Background: Acute health care utilization often occurs among persons experiencing homelessness. However, knowing which individuals will be persistent super-utilizers of acute care is less well understood.
Objective: The objective of the study was to identify those more likely to be persistent super-utilizers of acute care services.
Research Design: We conducted a latent class analysis of secondary data from the Veterans Health Administration Corporate Data Warehouse, and Homeless Operations Management and Evaluation System. The study sample included 16,912 veterans who experienced homelessness and met super-utilizer criteria in any quarter between July 1, 2014 and December 31, 2015. The latent class analysis included veterans’ diagnoses and acute care utilization.
Results: Medical, mental health, and substance use morbidity rates were high. More than half of the sample utilized Veterans Health Administration Homeless Programs concurrently with their super-utilization of acute care. There were 7 subgroups of super-utilizers, which varied considerably on the degree to which their super-utilization persisted over time. Approximately a third of the sample met super-utilizer criteria for ≥3 quarters; this group was older and disproportionately male, non-Hispanic white, and unmarried, with lower rates of post-9/11 service and higher rates of rural residence and service-connected disability. They were much more likely to be currently homeless with more medical, mental health, and substance use morbidity.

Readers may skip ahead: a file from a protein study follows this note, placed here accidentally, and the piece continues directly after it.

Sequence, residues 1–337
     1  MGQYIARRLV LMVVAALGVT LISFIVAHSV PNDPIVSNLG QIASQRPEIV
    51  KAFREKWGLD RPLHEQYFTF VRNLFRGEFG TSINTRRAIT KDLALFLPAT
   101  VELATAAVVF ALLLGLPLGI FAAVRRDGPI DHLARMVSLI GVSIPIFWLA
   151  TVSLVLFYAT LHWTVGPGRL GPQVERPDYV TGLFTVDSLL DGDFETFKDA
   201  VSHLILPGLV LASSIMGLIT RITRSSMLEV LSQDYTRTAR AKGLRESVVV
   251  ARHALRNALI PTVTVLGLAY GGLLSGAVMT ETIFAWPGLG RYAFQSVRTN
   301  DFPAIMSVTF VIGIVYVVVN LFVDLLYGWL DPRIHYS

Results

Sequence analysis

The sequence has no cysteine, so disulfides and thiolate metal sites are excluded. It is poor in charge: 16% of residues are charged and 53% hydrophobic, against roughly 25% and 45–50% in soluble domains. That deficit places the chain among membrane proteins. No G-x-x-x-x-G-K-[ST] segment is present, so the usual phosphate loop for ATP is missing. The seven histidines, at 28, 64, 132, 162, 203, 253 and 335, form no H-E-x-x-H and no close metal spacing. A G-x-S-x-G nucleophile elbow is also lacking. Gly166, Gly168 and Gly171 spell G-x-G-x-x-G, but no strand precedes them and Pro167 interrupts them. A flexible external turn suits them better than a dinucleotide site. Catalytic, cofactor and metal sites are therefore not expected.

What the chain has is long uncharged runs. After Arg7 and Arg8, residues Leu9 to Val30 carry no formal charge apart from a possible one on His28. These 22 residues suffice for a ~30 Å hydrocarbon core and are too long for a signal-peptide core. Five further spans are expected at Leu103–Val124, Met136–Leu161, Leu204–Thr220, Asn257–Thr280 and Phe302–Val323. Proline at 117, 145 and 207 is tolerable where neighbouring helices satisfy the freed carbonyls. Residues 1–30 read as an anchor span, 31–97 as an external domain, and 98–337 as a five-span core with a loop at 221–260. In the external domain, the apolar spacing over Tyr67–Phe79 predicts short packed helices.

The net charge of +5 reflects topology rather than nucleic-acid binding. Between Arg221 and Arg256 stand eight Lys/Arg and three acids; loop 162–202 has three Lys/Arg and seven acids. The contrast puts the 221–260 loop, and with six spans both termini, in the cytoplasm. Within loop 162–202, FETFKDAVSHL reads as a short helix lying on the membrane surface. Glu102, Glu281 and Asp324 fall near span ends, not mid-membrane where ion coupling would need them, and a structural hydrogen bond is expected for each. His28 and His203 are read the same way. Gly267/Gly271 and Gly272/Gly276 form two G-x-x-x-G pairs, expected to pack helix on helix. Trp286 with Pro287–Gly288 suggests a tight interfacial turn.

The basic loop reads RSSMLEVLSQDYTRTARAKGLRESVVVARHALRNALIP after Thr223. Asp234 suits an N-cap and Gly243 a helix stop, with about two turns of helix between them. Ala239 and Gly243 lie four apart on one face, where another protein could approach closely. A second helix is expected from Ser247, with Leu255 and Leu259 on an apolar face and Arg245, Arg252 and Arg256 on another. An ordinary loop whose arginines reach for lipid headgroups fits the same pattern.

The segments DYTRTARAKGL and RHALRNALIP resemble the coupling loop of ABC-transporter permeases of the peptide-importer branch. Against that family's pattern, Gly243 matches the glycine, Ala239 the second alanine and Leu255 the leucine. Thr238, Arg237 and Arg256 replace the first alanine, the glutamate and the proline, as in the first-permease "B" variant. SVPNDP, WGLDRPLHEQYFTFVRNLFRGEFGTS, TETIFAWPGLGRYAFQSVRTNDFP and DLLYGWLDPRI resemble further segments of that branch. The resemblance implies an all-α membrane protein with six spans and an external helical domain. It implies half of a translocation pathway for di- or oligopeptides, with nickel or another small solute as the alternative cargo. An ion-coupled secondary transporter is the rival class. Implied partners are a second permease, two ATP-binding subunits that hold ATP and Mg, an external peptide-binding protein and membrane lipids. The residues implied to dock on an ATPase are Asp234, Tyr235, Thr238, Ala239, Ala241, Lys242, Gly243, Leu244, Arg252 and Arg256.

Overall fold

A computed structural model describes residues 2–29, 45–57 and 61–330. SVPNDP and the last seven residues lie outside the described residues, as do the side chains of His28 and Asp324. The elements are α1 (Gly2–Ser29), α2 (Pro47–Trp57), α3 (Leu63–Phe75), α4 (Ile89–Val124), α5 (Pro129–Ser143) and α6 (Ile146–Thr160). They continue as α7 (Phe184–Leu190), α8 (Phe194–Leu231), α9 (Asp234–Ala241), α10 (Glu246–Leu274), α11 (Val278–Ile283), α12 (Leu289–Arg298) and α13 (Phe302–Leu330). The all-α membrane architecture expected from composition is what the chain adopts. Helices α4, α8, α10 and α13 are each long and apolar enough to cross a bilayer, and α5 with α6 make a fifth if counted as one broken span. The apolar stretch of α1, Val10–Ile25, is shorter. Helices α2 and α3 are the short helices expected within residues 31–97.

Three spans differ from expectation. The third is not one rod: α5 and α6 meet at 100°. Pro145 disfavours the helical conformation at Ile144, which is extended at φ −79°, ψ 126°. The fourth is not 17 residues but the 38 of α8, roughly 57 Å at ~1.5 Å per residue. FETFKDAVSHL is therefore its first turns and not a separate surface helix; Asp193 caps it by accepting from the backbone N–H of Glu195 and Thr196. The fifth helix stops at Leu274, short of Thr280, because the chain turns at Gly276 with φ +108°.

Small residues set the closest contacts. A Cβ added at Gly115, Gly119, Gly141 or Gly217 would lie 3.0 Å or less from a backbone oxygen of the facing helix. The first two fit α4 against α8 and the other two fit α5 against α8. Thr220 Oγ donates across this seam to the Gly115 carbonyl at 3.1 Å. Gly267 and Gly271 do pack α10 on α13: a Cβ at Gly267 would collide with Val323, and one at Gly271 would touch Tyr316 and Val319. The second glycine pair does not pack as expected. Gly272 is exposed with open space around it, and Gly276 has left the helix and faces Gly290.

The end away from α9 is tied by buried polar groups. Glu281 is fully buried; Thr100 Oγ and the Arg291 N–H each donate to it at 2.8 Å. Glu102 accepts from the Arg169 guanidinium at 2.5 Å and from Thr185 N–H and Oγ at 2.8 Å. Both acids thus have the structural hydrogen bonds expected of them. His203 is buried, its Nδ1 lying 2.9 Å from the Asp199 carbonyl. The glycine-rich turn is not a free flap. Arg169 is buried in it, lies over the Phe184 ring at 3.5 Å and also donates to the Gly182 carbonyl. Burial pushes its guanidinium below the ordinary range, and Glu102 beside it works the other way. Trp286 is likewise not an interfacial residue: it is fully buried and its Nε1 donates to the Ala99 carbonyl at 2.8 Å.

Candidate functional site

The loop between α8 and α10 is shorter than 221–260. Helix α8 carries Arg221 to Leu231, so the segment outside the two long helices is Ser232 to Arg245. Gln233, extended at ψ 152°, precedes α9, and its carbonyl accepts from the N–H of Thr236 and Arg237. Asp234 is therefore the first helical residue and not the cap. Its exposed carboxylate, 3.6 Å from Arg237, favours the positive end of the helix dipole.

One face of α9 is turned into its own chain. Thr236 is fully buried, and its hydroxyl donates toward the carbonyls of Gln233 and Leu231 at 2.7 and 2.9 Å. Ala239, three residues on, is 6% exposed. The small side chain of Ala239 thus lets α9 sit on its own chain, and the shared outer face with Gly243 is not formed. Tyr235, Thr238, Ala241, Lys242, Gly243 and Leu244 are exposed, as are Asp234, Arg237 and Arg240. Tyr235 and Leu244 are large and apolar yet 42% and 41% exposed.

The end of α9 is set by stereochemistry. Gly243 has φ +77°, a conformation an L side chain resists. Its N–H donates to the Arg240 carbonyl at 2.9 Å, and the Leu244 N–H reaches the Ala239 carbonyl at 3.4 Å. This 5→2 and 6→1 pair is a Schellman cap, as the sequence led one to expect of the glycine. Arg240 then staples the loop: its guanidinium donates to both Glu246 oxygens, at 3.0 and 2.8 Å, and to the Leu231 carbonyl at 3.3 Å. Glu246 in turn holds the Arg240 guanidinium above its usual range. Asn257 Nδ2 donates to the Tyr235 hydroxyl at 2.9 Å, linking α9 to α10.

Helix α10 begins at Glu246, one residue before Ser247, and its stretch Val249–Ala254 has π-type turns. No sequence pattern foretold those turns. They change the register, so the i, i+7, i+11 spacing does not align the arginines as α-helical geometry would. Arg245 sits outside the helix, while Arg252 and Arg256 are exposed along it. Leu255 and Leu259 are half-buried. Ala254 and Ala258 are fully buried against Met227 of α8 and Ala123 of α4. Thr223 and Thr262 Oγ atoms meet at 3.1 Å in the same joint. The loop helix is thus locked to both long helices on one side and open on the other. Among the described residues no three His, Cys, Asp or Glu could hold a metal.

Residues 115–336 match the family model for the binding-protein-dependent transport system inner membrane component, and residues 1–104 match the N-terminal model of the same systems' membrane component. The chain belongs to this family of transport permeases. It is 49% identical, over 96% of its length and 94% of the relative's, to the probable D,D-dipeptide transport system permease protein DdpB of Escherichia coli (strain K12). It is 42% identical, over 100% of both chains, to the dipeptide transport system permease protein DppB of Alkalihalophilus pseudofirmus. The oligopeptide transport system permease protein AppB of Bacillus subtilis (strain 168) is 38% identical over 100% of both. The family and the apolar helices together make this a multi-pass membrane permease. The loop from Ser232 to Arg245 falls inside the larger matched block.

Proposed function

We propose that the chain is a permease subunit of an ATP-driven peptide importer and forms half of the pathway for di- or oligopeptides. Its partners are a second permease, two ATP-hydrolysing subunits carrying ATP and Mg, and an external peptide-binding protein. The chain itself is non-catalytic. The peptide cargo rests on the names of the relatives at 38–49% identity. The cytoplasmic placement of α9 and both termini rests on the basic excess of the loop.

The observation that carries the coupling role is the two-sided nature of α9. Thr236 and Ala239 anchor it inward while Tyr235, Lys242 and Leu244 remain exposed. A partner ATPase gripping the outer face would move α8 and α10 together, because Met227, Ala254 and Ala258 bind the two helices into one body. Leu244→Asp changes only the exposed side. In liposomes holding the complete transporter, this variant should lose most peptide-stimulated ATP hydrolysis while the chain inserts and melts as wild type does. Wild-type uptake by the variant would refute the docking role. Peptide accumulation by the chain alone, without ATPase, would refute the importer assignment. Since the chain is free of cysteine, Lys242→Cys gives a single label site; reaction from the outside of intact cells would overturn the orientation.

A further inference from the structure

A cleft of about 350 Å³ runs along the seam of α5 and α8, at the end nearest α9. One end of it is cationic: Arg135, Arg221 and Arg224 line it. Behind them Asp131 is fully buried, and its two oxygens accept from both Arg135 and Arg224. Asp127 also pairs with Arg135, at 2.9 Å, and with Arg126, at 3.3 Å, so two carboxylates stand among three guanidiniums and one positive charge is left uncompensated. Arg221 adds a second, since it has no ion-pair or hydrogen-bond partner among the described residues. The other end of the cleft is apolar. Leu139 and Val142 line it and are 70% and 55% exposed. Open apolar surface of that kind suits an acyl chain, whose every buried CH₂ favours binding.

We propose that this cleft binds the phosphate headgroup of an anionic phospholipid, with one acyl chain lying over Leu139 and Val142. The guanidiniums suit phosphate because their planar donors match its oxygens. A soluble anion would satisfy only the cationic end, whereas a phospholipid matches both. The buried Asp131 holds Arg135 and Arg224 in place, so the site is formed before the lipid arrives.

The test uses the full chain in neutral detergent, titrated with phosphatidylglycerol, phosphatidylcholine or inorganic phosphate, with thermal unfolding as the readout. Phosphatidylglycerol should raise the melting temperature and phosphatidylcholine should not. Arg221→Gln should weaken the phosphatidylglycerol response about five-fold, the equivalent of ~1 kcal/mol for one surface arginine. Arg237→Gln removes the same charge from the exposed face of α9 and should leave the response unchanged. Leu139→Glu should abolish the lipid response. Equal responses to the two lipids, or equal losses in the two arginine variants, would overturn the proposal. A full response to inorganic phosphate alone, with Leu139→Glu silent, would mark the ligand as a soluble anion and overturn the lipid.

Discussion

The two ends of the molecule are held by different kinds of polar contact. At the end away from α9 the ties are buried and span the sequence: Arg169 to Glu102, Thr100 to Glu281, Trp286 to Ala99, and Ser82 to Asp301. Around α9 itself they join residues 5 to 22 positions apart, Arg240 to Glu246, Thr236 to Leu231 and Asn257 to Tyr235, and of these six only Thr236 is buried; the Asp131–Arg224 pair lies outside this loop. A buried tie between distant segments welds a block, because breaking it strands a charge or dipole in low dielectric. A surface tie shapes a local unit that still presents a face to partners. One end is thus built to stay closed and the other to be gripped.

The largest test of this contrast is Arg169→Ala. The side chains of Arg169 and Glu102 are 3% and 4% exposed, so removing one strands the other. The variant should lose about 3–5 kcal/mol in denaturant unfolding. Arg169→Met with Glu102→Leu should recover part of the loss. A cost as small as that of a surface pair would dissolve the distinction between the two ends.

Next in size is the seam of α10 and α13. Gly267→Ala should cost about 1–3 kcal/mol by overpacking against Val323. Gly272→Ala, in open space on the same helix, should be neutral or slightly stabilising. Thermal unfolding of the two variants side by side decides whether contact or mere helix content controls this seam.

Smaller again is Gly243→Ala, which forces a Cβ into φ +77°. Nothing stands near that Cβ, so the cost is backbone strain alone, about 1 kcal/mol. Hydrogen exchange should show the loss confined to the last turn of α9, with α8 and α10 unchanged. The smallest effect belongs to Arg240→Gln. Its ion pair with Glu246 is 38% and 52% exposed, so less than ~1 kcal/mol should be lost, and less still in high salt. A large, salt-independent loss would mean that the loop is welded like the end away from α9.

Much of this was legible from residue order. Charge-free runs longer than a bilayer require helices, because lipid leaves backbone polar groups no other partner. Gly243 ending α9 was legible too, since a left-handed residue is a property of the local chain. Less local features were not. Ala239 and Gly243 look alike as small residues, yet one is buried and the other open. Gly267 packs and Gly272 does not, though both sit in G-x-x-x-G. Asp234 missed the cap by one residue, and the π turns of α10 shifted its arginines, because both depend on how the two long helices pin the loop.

Conclusion: Only a subset of homeless veterans were persistent super-utilizers, suggesting the need for more targeted interventions.
*National Center for Homelessness Among Veterans, Philadelphia, PA
†National Center for Homelessness Among Veterans, University of Alabama at Birmingham School of Public Health, Birmingham, AL
‡Providence VA Medical Center, Providence, RI
§VHA Support Service Center, Johnson City, TN
∥National Center for Homelessness among Veterans, Providence VA Medical Center, Providence, RI
This material is based upon work supported by the Department of Veterans Affairs, Veterans Health Administration, National Center on Homelessness among Veterans. The views expressed in this article are those of the authors and do not necessarily reflect the position or policy of the Department of Veterans Affairs or the United States government.
The authors declare no conflict of interest.
Reprints: Dorota Szymkowiak, PhD, National Center for Homelessness Among Veterans, 4100 Chester Avenue, Suite 201, Philadelphia, PA 19104. E-mail: firstname.lastname@example.org.